Good morning everyone! And Happy New Year! How was your night? When we were younger, a wild night was nothing. Do you remember those days?
Or rather nights. Then you go through a spell when you try to keep up but really pay for your escapades the next day. Finally, you reach that comfortable place when wild nights hold no appeal and there’s no need to pretend they do. It’s okay to spend a New Year’s Eve sober. No dancing about on tables with a lampshade on your head. The benefit of sober celebrations is that you can wake all bright-eyed and bushy-tailed, ready to greet the new day and embrace the new year. For us, the closest thing to “wild” came in a raised glass of sparkling cider and a big kiss from Hubby. This is the case when your celebration includes young children. There are definite advantages to a tame New Year’s Eve. For one thing, you can do your marketing early on New Year’s Day. The grocery stores are empty. Shopping without a crowd or long lines is a welcome change on the heels of the Christmas Shopping madness.
Hubby had a strange look on his face as he checked our grocery list. Puzzled, confused, uncertain. Those were the expressions in his eyes.
“Is there a problem?” I asked as I slipped on my comfy shoes for shopping.
“What is Mirin and do we have any?” He asked, peering into one of our two pantries.
“Nope.” I smiled. (Our pantries are packed with more than just cans and boxes of foods. There are shelves dedicated to little bottles and jars of all sorts of things – mainly a smorgasbord of flavored oils, vinegars and spices from around the world). “We’ll need to pick some up. Just look in the Oriental section at the store.”
Although sometimes confused with rice wine vinegar, Mirin actually is a sweet rice wine used predominately in Japanese cooking. It doesn’t just add flavor to your food, the shimmering sweetness also gives a beautiful luster to the finished sauce.
When it comes to stir-fry cooking or when I have a lot of little ingredients to add to a dish, I like to use my little metal bowls, not much bigger than a shot glass. They stack easily, don’t take up much room and are great for all sorts of things. These little bowls are wonderful when cooking, letting me line up the ingredients next to the pan, just waiting their turn for addition to whatever I am whipping up. You can weigh/measure ahead of time and have everything at the ready. We also use them for personal add-ons (great for holding chopped chives and bacon bits for baked potatoes or shaved cheese for pastas – you get the picture).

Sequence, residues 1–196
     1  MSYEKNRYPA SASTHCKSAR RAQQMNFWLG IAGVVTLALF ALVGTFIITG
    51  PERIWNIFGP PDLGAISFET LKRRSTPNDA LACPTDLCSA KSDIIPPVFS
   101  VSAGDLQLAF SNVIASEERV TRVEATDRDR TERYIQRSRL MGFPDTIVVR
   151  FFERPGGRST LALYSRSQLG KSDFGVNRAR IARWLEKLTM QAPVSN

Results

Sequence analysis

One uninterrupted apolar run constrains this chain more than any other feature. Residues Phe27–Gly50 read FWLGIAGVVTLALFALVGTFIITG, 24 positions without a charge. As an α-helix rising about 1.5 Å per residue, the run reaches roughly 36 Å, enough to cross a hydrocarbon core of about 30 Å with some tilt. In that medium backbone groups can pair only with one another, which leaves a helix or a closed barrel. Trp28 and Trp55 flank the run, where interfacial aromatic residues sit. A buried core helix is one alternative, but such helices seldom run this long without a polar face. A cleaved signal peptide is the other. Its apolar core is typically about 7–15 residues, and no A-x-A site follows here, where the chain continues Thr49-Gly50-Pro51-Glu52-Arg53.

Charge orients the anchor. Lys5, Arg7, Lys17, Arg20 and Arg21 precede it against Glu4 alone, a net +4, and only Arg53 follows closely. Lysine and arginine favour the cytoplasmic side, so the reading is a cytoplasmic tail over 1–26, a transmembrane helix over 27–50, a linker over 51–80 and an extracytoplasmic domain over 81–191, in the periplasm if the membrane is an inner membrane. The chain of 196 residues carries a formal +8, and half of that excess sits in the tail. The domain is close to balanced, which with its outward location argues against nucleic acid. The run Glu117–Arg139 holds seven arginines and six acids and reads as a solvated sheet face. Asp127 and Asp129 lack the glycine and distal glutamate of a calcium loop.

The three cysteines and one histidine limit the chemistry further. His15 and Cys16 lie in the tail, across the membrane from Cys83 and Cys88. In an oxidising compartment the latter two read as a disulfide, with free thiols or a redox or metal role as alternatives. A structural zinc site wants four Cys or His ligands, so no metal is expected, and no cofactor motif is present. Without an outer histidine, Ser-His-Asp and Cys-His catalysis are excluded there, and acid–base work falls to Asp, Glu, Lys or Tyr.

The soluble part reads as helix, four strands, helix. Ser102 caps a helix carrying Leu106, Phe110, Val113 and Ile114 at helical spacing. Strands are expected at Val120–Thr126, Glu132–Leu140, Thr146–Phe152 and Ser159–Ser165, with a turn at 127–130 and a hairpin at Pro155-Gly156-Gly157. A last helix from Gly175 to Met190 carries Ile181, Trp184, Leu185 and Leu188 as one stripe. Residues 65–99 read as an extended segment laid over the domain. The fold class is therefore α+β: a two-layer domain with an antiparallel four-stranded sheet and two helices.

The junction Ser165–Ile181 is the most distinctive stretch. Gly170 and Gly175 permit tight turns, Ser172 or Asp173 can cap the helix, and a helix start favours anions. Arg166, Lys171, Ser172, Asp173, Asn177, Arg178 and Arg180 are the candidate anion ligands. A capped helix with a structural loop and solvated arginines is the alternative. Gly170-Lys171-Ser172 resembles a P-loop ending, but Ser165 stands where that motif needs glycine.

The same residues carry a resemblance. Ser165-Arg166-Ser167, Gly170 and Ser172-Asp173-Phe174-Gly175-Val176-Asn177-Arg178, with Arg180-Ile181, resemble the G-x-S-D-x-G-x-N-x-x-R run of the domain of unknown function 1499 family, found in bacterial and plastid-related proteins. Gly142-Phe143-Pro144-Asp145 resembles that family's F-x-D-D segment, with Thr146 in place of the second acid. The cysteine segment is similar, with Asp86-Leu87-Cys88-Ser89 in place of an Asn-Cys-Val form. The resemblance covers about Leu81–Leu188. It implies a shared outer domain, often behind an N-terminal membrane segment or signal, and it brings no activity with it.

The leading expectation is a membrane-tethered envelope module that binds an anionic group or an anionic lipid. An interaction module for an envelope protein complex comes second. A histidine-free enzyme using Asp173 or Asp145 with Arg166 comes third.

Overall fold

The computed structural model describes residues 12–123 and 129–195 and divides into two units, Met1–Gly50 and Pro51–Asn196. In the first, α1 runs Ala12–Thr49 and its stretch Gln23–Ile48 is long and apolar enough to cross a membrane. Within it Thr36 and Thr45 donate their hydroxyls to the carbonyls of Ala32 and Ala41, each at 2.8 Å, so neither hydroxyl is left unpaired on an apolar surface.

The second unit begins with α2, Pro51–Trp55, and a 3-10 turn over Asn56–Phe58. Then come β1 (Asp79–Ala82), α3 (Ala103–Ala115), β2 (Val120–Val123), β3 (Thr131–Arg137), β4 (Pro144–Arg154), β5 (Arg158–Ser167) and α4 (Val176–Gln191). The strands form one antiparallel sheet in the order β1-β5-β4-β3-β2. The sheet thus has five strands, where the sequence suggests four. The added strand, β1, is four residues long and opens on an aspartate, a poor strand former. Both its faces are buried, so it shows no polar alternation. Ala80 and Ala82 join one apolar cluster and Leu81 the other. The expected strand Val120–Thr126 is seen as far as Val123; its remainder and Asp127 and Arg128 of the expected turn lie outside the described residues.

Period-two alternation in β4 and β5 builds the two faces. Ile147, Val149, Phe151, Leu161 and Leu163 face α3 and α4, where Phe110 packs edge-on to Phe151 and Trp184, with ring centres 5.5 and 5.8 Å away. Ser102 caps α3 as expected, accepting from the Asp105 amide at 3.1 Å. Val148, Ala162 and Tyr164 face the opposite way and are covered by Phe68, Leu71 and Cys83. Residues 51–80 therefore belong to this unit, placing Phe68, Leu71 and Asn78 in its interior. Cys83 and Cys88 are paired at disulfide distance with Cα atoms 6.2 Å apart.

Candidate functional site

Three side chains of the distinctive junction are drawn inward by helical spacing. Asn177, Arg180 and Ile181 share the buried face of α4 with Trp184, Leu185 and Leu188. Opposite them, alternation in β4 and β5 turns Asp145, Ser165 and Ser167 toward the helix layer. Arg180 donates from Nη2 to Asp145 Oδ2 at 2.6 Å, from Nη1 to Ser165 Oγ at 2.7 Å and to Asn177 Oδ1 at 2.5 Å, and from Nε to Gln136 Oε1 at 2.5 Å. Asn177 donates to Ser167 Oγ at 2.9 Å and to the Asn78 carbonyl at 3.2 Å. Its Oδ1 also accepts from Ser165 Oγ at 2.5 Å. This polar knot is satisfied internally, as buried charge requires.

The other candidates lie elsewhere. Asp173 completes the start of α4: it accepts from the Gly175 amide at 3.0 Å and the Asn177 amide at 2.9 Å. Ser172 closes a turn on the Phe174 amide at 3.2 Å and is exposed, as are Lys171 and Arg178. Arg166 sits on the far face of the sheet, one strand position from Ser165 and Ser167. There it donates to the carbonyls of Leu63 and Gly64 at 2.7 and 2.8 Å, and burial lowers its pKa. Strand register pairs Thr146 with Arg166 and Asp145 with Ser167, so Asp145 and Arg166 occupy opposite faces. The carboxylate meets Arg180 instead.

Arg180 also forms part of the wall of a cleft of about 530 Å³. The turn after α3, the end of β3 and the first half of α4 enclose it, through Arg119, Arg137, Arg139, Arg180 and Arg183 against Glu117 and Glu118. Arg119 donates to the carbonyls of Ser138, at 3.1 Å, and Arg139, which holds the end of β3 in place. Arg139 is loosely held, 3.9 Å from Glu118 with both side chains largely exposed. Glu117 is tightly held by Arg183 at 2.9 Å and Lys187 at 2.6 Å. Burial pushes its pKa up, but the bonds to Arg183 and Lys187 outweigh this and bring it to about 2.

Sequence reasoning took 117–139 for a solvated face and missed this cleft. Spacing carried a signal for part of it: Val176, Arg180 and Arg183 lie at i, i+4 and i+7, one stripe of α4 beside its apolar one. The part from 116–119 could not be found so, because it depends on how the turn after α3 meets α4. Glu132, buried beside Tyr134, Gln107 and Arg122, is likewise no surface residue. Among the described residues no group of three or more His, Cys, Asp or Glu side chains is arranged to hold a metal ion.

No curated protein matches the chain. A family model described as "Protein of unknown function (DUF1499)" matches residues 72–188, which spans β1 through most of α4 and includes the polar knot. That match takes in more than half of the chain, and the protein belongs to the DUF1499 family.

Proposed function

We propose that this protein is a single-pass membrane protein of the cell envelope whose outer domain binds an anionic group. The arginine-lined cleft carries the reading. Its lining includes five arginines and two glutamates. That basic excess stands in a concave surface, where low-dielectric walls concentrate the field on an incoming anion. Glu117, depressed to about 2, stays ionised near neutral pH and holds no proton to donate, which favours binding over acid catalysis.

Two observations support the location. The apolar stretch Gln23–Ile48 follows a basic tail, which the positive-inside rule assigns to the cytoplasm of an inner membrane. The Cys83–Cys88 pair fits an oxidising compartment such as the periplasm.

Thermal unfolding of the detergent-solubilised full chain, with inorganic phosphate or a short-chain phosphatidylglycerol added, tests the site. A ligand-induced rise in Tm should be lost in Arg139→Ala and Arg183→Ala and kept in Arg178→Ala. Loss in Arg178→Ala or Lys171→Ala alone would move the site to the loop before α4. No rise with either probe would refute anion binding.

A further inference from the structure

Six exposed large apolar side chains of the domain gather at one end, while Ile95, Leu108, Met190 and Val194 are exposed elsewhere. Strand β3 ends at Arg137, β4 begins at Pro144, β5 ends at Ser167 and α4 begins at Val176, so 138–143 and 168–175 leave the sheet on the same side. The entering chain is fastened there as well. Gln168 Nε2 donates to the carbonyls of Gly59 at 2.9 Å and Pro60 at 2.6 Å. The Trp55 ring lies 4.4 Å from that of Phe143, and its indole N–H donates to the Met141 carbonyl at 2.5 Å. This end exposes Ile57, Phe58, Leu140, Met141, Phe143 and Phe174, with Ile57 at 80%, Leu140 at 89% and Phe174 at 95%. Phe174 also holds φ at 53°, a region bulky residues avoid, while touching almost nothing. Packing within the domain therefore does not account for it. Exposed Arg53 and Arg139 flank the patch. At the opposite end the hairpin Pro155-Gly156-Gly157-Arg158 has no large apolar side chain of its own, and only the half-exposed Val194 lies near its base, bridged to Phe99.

Measuring and holding is also why I have four sets of measuring spoons and stacking measuring cups. While I love lining everything up, it drives Hubby crazy – more little things for the KP crew to deal with.
Spicy Korean Beef Stir-Fry
3 tablespoons Mirin
2 tablespoons Soy Sauce
2 teaspoons cornstarch
In a small bowl, combine Mirin, soy sauce and cornstarch. Using a small whisk or spoon, stir well to blend and set aside until ready to use.
Beef Stir Fry
10 oz Flank steak
1 tablespoon canola oil
1 tablespoon garlic, chopped
1 Jalapeno pepper, chopped (seeds optional, depending upon desired heat)
1 1/2 teaspoons fresh ginger, grated
2 cups Bean Sprouts
8 oz Baby Spinach
1/4 cup fresh Cilantro, chopped
1 teaspoon sesame oil
1 1/2 tablespoons Sesame seeds
Place Flank Steak in the freezer for about 10 minutes. Once firm but not frozen, slice thin against the grain. Set aside.
Line up small bowls (about the size of a shot glass) to hold the Garlic, Jalapeno Pepper and Ginger. Chop garlic, place in bowl. Finely chop Jalapeno, place in next bowl, and finally grate Ginger into the last little bowl.
Heat canola oil in a large wok over medium-high heat. Swirl pan to distribute the oil up the sides just a little. Spread the thin slices of steak in the wok and brown, about 2 minutes or so, stirring as it browns. (You need to keep an eye on the flank steak so as to not over cook it and the meat will remain tender).
Add Garlic, Jalapeno and ginger and cook, stirring, until fragrant, about 30 seconds. (The aroma is awesome at this point).
Add the bean sprouts and give them a quick stir to incorporate into the meat. Tear the baby spinach directly into the wok.
Give the Mirin mixture a quick stir just to make sure everything is nicely blended. Pour mixture into the wok and stir gently in a folding motion until the sauce thickens and the spinach is wilted, about 2 or 3 minutes.
Remove from heat, stir in the cilantro and sesame oil.
Place stir-fry in a serving bowl or high-rimmed serving platter. Sprinkle with sesame seeds and serve.
This stir-fry can be served alone or over sticky rice. Be sure to have a little soy sauce at the table for those who might want more with the rice.
Serve and enjoy!